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Department
Biology
Course
BIOL 1001
Professor
All Professors
Semester
Winter

Description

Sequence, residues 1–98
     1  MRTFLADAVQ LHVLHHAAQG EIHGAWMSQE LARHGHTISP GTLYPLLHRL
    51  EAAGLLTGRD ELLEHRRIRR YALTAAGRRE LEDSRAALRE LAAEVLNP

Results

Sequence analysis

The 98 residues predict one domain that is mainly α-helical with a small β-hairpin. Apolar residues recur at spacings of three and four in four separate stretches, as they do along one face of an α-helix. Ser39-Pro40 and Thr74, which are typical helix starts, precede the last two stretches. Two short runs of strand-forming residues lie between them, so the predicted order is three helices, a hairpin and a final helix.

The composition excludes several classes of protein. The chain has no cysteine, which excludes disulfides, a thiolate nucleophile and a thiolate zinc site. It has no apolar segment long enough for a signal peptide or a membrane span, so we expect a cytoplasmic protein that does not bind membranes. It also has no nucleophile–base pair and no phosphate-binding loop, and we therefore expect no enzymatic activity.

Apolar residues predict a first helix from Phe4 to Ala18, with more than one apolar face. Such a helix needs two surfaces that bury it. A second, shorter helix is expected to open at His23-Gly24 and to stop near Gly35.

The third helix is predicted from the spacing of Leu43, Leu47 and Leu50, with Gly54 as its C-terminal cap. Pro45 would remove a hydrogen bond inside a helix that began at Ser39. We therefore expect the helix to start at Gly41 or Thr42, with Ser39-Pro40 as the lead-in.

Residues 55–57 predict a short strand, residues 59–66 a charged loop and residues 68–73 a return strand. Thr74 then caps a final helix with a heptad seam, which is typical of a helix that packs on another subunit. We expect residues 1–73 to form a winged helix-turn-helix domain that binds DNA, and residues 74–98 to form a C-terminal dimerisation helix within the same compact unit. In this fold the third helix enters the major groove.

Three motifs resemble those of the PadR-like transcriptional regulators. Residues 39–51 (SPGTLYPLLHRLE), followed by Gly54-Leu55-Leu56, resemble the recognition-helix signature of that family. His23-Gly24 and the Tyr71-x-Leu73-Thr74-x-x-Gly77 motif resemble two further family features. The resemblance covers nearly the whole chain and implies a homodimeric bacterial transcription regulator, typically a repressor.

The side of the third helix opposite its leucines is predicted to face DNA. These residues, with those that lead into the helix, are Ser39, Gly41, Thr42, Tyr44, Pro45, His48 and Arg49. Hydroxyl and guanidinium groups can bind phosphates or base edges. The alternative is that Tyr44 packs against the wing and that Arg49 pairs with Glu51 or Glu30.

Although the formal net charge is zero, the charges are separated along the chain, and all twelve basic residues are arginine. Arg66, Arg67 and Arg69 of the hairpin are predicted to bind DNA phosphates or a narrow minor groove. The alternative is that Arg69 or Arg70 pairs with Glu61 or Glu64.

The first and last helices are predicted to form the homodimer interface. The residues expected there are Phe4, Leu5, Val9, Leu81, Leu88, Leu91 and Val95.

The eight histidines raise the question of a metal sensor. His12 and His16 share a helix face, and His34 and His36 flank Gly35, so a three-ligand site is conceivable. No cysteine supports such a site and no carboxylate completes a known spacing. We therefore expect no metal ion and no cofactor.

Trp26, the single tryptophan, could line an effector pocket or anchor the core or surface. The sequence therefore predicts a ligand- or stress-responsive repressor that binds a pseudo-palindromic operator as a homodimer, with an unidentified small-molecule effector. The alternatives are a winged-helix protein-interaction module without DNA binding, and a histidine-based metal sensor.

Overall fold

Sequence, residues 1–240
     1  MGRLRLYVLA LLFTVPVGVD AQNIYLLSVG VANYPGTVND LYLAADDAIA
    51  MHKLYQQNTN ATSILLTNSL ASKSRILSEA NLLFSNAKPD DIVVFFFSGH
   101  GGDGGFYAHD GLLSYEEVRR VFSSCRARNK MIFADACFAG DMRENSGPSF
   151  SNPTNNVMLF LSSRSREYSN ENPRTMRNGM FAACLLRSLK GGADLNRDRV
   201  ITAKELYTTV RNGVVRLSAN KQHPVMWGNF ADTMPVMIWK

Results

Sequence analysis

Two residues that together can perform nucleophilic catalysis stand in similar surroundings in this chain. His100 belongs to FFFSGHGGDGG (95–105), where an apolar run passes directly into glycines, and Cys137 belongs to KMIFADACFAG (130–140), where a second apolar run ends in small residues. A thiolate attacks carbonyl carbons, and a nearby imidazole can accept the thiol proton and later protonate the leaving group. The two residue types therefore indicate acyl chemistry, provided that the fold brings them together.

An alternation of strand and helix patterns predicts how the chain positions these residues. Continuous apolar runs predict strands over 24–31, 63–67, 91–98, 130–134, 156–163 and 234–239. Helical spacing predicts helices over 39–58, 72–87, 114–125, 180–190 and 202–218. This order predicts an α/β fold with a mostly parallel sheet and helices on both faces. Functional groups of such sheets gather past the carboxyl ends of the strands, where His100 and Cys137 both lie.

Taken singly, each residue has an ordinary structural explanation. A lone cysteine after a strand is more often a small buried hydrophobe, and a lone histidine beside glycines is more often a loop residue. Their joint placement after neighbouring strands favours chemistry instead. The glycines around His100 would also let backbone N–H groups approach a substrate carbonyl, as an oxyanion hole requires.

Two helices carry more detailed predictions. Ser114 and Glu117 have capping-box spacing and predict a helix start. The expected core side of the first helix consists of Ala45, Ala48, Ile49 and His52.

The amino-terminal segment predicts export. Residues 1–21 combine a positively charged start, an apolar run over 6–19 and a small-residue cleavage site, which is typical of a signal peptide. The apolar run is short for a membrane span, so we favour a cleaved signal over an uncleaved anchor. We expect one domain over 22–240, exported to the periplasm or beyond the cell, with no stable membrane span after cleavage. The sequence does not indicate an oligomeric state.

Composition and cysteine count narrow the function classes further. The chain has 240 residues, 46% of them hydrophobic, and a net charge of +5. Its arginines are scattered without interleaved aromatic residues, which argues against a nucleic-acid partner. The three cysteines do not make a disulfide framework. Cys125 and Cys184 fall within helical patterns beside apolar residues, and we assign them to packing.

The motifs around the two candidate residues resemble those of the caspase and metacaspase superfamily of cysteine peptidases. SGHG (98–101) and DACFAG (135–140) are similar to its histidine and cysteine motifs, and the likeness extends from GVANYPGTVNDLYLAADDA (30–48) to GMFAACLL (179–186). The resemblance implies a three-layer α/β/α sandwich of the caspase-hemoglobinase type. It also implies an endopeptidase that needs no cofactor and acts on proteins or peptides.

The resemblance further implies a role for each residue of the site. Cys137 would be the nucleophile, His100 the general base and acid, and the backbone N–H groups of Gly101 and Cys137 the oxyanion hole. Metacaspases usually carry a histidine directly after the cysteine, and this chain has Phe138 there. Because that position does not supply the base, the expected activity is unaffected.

BIOL 1001 STUDY NOTES Test #1 Persephone Greco-Otto Nature of Science: • Science = a process for understanding the world, learn about universe (understand the natural/observable world), evidence, based on critical thinking (kriticos = discerning judgment, kriterion =standards) o Developed through reasoning (inferences = logical conclusions based on observable facts), test explanations against observations of the natural world (empirical = info gained through observation or experimentation), more than 1 scientific method, question-hypothsis-procedure-data-conclusions, never proves/method is flexible • Superstitions  do the actions influence the outcome? Incorrect ideas, animals become superstitious (push lever and delay before food delivered, develop strange behaviours during the lag that they repeat and associate w/food, self-association/conditioning) • Limitations  only natural phenomena, can’t deal w/belief/faith, no moral/aesthetic • Method  observe phenomenon, propose explanation, test through series of explanation  accurate/valid (if explanation matches what’s observed, reproduction) OR revised/alternative explanation proposed • Pseudoscience = individuals make scientific-sounding claims not supported by trustworthy, methodical scientific studies (statement may be true, but relationship isn’t) • Anecdotal Evidence = based on only 1/few observations, not rigorously studied, not large enough sample size • Theory and Hypothesis  Hypothesis = proposed explanation for a phenomenon, must clearly establish mutually exclusive alternative explanations for a phenomenon, generate testable predictions, test empirically (rational, testable, repeatable)  self-correcting o Alternative Hypotheses  use evidence to determine which alternatives stronger/weaker, all ideas open to scrutiny (modify ideas as new evidence appears) o Theory = hypothesis for natural phenomena that is exceptionally well-supported by the data, broad explanations for a wide range of phenomena • Logical Fallacies  post hoc, ergo propter hoc (it happened after, so it was caused by…), confusion of correlation/causation 1 • Evidence and Proof  hypotheses and theories may be supported by evidence but not proven • Believe and Accept  subject to peer review/replication, science based on inferences based on evidence • Function and Purpose  designed tools have purposes, structures/behaviours of living things have functions • Primitive/Less Evolved and Advanced/More Evolved  more highly specialized seen as more advanced, but actually based on how well they’re adapted to their environment • Cause and Chance  chance isn’t meaningless, cause is the “why explanation” • Fact  statements that we know to be true through direct observation • Law  generalization about data and is a compact way of describing what we’d expect to happen in a particular situation • Observation  directly made w/our own sense or indirectly through use of tools • Falsifiable  a conceivable test that might produce evidence proving the idea false • Uncertainty  uncertainty in measurement is range of values within which the true value falls • Error  difference between a measurement and the true value • Prediction  what we would expect to happen or what we expect to observe if this idea were accurate • “Theory of Intelligent Design”  “life is too complex for everything to have developed step by step,” became popular when “creationism” was deemed unconstitutional to be taught, all living things best explained by an intelligent cause and not an environmental cause (no evolution) since world is fantastical, statistical improbabilities o Can’t identify designer, make observations, run experiments, make predictions, make hypotheses (doesn’t fit scientific method), only end products can be observed (no hypotheses), can’t be tested (no predictions/hypothesis, not tested/can’t be falsified), isn’t iterative (either the universe was created or it wasn’t, clergy letter project Evolution, Phylogenetics, History of Evolutionary Thought 2 • Biological Evolution = doesn’t happen among individuals (only grow + change), but over generations (genetic change), different species share common ancestors • Mosaic Evolution = different organisms/parts of organisms don’t evolve at the same rate • Theory of Evolution: o 2 Types of Biological Evolution  Microevolution = changes in genetic characteristics over time, changes in gene frequency (how common an allele is in a pop), population over several generations + changes in gene frequency in pop, thought that it leads to macroevolution, eg. genealogy  Macroevolution = descent of diff species from a common ancestor, much larger scale, more generation, derivation of new species  biodiversity, eg. phylogeny  *if characteristic is not genetic, then it isn’t evolution (many traits environmentally and genetically determined) o Biodiversity = the richness of living systems as reflected in genetic variability within and among species, the number of species living on earth, and the variety of communities and ecosystems  Biosphere = all regions of earth’s crust, waters and atm that sustain life  Ecosystem = group of communities interacting w/ their shared physical environment (biotic and abiotic)  Community = pop of all species that occupy the same area  Population = group of individuals of the same kind/species that occupy the same area  Multicellular organism = individual consisting of independent cells  Cell = smallest unit of life o Unity/Diversity of Life: don’t know how many species on earth  little, hard to observe/live in harsh environments that we cannot reach  Opportunities for Diversification  movement into new environments, eg. extinction of dinosaurs allowed for diversification (more mammals), Galapagos finches (moved into vacated island to avoid predators/more food) 3 • *Intracompetition (within a species) intercompetition (between species) • 1. Large changes in environment or evolution of key adaptation • 2. Release from competition or vacated niches eg. Cambrian explosion/radiation (soft bodied to hard bodied)  1st representatives of current phylum • 3. Specialization  different species descended from same species take advantage of environmental changes eg. cichlids have diff. feeding patterns which lead to different anatomical structures • Ecological Opportunity = key adaptations that can be exploited • Evolution of photosynthesis  production of O2  aerobic respiration  development of ozone layer  organisms could live closer to water surface  movement from water to land?  Water-Land • Originally partly aquatic/terrestrial  preexisting traits beneficial for life on land (developed in organisms in water) • To avoid predation? • Approx. 370 mill years ago • Challenges/adaptations  no support (buoyancy in water) to gravity, conservation of water (skin maintains water), protection against UV, waste excretion, reproduction (external fertilization in water  eggs developed a membrane/shell to keep from drying out), food (plants on earth), respiratory surfaces (gills to lungs  internal to keep from drying out, fluid to allow diffusion of gas) • Intermediary/transition fossil of fishapod to tetrapod (Tiktaalik) changes in structure allowed life on land (more robust joints/digits), exaggeration of already present features, flat skull like crocodile • Selection pressures  those better at dealing w/pressures passed on traits o Modes of Nutrition:  Chemoautotroph  oxidize CO2, some bacteria/archaeans, no eukaryotes 4  Chemoheterotroph  oxidize organic molecule, some bacteria/archaeans, proteins, fungi, animals, plants  Photoautotroph  light and CO2, some photosynthetic bacteria, proteins and plants  Photoheterotroph  lights and organic mlcs, some photosynthetic bacteria o Populations = same species, individuals, reproduction o Characteristics of Model Organisms: easy to culture/grow, small, reproduce quickly, short lifespan, mature quickly, many offspring, kept in small space, invertebrates (ethical approval) • Phylogenetics (represent hypotheses of relationships): informative/practical, oomycetes, identify source pops of invasive organisms, infections (trace the source) o Systematics = branch of biology that studies the diversity of life + its evolutionary relationships o Phylogeny = classification organisms based on differences and similarities (morphology, habitat, mode of nutrition, locomotion, DNA/protein sequence, reproduction) *not to scale so can’t tell how closely related/time o Taxonomy = classification of organisms into an ordered system that indicates natural relationships o Classification = an arrangement of organisms into hierarchical groups that reflect their relatedness o Taxonomic Hierarchy: kingdom, phylum, class, order,